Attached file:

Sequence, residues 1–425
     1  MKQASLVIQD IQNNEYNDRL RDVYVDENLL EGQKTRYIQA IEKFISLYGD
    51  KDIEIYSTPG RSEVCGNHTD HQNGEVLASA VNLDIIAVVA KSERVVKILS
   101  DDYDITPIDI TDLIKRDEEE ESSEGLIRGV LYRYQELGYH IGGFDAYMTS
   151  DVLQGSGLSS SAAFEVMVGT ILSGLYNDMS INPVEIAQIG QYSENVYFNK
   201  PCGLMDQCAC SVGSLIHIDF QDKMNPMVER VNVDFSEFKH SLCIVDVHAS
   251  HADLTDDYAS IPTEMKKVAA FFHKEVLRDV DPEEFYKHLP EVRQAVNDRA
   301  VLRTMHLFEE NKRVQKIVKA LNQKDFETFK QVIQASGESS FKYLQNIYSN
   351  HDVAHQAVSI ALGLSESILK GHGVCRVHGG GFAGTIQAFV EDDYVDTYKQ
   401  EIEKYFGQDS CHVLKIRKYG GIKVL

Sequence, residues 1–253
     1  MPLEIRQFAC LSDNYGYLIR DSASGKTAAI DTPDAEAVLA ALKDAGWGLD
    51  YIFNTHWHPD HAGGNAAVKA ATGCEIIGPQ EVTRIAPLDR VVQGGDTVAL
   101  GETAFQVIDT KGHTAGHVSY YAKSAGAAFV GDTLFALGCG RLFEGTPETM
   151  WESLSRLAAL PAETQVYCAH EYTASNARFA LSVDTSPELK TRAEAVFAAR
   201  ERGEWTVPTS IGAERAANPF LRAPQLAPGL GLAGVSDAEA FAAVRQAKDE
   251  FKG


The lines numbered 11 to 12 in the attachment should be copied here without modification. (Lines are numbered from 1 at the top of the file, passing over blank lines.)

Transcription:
Sequence, residues 1–253
     1  MPLEIRQFAC LSDNYGYLIR DSASGKTAAI DTPDAEAVLA ALKDAGWGLD